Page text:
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Syria and the Violence in Iraq
ANDREW J. TABLER is senior fellow at the Washington Institute for Near East Policy and author of In the Lion’s Den: An Eyewitness Account of Washington’s Battle with Syria. Follow him on Twitter @andrewtabler.See more by this author
Uprooting the Islamic State of Iraq and al Sham (ISIS) from the swath of territory it now holds between Aleppo and Baghdad will take a lot more than airstrikes or a change of government in Iraq. Although the 2003 war in Iraq might have led to the formation of the jihadi group, the chaos in Syria provided it the space to metastasize. To prevent ISIS -- and other such organizations -- from building a permanent safe haven in Iraq and Syria, then, Washington must help settle Syria by supporting Sunni tribes and other moderate opposition groups there.
Over the last week, the Obama administration has focused its attention on pushing Iraqi Prime Minister Nouri al-Maliki (or whoever might replace him) to be more inclusive of the country’s Sunni Arabs, who make up around 20 percent of the population. Washington is right to do so. ISIS and the other groups fighting alongside it rely on this disenchanted community for support. Without Sunni backing, ISIS would crumble and Iraq could stabilize. To help that process along, the United States could launch airstrikes against ISIS camps in the country.
Sunni Arabs are an even larger part of the equation in Syria, where they represent between 65 and 70 percent of the population and make up the backbone of the opposition to the Alawite Assad regime. Western mediators have urged Assad to negotiate with Alawites, Shia, and Sunnis. But he has refused, preferring instead to have himself “re-elected” to a third term as president and to make vague promises of dialogue with the opposition groups that succumb to the regime’s siege-and-starve tactics.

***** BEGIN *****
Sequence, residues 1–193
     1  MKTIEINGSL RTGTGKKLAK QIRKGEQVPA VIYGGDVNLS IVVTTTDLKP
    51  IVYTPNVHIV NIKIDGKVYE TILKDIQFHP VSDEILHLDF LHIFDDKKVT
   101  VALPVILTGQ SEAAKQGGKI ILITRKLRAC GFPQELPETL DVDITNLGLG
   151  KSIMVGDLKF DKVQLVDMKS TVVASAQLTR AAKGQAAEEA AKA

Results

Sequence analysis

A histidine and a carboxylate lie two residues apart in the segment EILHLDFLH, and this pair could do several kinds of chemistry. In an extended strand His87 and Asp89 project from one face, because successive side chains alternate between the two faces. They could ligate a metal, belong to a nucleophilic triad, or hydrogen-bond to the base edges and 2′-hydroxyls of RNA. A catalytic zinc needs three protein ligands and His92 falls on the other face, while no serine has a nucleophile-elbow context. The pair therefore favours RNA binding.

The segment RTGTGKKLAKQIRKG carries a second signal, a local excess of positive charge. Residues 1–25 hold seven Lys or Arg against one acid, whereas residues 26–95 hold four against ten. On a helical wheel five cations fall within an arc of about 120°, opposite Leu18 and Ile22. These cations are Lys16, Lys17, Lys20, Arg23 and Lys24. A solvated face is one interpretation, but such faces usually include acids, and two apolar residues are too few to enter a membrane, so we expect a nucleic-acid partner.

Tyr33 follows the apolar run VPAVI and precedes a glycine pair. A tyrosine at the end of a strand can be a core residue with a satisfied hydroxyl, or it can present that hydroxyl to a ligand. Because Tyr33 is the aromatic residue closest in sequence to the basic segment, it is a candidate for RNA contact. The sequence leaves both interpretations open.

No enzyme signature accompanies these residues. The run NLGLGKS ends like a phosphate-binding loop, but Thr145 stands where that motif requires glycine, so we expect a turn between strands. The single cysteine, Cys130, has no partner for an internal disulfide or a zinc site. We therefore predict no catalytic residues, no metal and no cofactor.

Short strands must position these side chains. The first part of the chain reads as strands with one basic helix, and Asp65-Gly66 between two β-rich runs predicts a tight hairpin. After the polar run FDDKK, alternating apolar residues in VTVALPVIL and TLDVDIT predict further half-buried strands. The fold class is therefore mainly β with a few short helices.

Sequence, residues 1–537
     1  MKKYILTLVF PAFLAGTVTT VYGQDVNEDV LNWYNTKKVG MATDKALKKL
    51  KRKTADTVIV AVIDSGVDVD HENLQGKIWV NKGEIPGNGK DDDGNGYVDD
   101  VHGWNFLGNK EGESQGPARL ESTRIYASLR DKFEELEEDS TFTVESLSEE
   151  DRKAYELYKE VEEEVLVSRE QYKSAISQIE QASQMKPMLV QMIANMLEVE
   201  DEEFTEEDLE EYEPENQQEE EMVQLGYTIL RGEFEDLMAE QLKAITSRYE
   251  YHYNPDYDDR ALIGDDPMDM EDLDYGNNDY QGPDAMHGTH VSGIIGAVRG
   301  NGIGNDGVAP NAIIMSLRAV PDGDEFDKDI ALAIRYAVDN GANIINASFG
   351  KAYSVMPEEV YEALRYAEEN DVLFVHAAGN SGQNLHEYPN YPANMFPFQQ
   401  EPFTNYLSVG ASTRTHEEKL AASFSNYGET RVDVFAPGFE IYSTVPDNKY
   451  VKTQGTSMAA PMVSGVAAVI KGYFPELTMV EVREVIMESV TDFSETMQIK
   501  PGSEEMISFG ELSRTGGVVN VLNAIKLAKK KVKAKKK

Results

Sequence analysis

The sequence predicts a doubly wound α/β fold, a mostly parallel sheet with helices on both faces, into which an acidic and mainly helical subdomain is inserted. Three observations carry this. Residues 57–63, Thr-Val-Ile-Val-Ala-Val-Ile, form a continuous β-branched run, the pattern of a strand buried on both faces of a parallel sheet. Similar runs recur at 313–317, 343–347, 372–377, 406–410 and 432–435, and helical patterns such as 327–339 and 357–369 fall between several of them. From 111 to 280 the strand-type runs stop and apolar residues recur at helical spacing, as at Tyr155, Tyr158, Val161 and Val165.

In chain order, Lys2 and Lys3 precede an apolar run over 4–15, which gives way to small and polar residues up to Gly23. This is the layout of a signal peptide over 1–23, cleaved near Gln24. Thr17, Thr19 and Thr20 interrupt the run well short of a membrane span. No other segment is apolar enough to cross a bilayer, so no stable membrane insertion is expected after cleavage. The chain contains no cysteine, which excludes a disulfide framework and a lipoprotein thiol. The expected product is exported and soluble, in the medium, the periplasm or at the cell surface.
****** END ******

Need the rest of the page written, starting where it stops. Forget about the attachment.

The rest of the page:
Assad might seem like he is in control, but his troops rarely tangle with ISIS, preferring instead to take on the more moderate factions. In fact, his regime has only been able to go on the offensive in western Syria with help from Hezbollah, Iraqi Shia militias, and Iran’s Quds force. When their support disappears, so, too, will Assad’s luck. For example, when Iraqi Shia militiamen were recently recalled from the Lebanese-Syrian frontier to fight ISIS in Iraq, Syrian opposition forces quickly reappeared, retook part of the area, and continued to stage hit-and-run attacks. In other words, Assad and the rebels are at a stalemate and, unless the West and its Arab allies try something new, the conflict will persist.